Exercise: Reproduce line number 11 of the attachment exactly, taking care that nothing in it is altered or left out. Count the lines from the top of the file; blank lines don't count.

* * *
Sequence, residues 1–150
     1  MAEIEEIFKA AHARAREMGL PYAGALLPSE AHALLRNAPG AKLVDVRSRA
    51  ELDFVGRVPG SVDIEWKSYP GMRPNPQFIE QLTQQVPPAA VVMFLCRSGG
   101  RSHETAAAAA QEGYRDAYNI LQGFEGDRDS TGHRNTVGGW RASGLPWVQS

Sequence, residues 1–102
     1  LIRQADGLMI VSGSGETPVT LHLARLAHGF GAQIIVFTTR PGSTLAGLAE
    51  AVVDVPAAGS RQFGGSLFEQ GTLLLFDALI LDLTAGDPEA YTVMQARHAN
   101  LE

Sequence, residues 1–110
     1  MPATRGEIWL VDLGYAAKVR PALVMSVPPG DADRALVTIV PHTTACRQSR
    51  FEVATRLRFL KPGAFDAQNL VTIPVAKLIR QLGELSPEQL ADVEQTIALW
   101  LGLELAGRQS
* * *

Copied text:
    51  FEVATRLRFL KPGAFDAQNL VTIPVAKLIR QLGELSPEQL ADVEQTIALW